The Spectator

A weekly, UK-based magazine covering current political, economic, and cultural issues. Articles include interviews, commentary, opinion pieces, essays, and cultural criticism.

Articles from August 2

A Choice of Recent Crime Fiction: Andrew Taylor
Philip Kerr is best known for his excellent Bernie Gunther series about a detective trying to survive with his integrity more or less intact in Nazi Germany. His latest novel, however, is a standalone thriller set in literary territory that might have...
Ancient and Modern: Hadrian on the Limits of Power
Michael Fallon, the new Defence Secretary, is a classicist by training. What lessons, if any, might he take from his study of the ancient world, especially in relation to military adventures in far-off places?Hadrian offered the key insight on the...
'Britannia and the Bear', by Victor Madeira - Review
Britannia and the Bear Victor MadeiraThe Boydell Press, pp.339, £55, ISBN: 9781843838951'No, we must go our own way,' said Lenin. The whole world knows him as Vladimir, while he was in fact Nikolai. 'Nikolai Lenin' was the party alias of Vladimir Ilyich...
Charles Moore: The Spectator's Notes
This week's issue is dated 2 August. On that date 100 years ago, my great-grandfather, Norman Moore (always known as 'NM'), went to Sunday Mass. 'Father Ryan,' he noted in his diary, 'seemed hardly to have thought of the war... I told [him] I felt...
Cinema: Deborah Ross
Mood Indigo12A, Nationwide Your enjoyment of Michel Gondry's Mood Indigo may entirely depend on how much visual whimsy you can take, what your threshold might be, whether you can go with it or whether it wears you out and brings you to your knees....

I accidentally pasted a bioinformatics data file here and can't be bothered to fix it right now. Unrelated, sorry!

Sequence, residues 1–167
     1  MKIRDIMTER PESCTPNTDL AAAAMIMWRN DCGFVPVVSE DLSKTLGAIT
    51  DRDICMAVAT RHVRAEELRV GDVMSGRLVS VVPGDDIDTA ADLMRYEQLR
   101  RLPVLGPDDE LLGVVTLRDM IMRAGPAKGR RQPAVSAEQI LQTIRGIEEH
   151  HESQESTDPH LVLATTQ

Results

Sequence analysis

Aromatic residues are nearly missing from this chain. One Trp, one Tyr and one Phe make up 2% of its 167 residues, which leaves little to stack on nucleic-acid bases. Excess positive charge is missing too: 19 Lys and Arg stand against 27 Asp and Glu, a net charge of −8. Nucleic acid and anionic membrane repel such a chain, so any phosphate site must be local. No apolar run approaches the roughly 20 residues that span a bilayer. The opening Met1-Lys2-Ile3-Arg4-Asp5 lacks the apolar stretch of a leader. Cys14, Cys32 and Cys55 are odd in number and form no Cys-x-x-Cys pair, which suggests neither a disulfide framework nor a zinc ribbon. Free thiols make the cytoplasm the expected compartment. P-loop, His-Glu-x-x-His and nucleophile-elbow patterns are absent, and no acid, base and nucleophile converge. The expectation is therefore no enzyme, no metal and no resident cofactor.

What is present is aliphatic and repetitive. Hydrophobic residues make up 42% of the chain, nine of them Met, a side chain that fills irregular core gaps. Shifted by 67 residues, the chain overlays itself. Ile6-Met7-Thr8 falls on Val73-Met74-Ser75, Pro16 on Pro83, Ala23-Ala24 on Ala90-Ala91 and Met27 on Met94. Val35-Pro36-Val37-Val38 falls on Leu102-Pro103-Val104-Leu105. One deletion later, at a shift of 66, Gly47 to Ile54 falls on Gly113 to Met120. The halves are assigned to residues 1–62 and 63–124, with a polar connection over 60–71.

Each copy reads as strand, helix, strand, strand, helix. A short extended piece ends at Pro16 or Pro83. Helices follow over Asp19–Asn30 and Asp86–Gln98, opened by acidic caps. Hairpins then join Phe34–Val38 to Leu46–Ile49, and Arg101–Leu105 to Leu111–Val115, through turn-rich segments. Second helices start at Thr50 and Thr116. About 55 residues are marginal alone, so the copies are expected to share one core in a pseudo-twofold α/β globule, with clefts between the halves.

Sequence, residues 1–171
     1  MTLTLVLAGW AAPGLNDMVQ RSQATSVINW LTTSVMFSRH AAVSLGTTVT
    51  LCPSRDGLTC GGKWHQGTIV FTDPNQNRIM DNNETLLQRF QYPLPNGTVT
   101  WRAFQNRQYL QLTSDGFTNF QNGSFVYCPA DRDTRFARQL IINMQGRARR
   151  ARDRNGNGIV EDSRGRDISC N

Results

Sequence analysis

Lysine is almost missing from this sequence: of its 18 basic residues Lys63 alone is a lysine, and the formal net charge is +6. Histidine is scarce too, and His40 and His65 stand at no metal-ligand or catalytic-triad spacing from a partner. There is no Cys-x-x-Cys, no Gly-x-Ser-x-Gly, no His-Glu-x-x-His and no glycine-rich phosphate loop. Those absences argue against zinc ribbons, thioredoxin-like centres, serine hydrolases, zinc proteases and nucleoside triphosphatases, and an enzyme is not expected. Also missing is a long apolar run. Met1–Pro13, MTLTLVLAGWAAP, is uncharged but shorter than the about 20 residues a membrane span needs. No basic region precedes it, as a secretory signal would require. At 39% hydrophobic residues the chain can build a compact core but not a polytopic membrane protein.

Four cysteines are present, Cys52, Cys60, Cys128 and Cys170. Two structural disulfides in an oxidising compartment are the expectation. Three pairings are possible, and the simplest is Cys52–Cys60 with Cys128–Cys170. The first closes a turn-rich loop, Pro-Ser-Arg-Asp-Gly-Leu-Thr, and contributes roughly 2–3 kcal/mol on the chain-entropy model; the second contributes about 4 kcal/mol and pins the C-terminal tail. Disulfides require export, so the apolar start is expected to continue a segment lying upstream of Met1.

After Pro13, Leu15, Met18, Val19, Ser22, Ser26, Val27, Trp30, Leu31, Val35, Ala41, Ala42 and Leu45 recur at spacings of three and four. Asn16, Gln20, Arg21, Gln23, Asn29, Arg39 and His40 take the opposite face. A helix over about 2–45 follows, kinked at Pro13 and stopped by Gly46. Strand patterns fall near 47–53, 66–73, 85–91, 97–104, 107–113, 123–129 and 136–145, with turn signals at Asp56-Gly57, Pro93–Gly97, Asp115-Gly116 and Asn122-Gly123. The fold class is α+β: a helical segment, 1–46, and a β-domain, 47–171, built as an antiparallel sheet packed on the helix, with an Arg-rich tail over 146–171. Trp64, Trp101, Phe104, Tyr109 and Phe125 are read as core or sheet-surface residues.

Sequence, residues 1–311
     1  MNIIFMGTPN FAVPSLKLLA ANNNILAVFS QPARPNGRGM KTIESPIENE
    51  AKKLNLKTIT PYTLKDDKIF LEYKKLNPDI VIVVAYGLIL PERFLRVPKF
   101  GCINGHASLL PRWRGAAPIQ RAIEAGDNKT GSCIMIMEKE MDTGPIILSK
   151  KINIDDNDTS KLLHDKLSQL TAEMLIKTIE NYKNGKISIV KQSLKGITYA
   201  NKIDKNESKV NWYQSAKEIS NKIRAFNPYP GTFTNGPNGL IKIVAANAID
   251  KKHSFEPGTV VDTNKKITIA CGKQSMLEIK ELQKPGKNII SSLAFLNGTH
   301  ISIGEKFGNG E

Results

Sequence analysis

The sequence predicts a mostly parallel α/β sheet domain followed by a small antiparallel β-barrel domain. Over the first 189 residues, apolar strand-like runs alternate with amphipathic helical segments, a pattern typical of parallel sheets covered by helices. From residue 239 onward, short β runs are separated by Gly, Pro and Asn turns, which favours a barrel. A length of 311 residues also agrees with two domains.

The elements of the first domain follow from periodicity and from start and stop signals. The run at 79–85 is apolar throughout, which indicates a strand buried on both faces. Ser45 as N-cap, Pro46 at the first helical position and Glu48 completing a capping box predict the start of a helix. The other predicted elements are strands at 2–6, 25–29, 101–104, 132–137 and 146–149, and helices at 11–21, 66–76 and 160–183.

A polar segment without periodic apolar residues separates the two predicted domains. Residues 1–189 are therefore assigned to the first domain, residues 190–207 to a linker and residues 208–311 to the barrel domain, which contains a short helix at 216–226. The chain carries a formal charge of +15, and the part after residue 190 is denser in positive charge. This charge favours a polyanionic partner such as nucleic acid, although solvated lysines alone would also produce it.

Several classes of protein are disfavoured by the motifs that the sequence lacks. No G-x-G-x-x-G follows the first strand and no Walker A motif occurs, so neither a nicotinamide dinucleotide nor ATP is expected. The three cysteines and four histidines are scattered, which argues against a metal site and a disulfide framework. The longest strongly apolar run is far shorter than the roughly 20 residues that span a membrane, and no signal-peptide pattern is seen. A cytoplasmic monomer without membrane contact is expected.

'Colorless Tsukuru Tazaki and His Years of Pilgrimage', by Haruki Murakami (Translated by Philip Gabriel) - Review
Colorless Tsukuru Tazaki and His Years of Pilgrimage Haruki Murakami (translated by Philip Gabriel)Harvill Secker, pp.298, £20, ISBN: 9781846558337 When Haruki Murakami -- Japan's most successful novelist at home and abroad -- was interviewed by...
Culture Notes: War Memorials Trust
One fight that seems to have been won is that spearheaded by the War Memorials Trust to preserve the thousands of memorials -- monuments, statues, plinths, tablets -- erected across the country to honour our war dead. Through conservation grants...
Dear Mary: Mary Killen
Q. At a drinks or a dinner party, when very attentive waiters are hovering, I tend to let them keep topping my glass up since the alternative -- continuing to say 'no thank you' -- is so disruptive of conversation. However, my wife tells me that...
Diary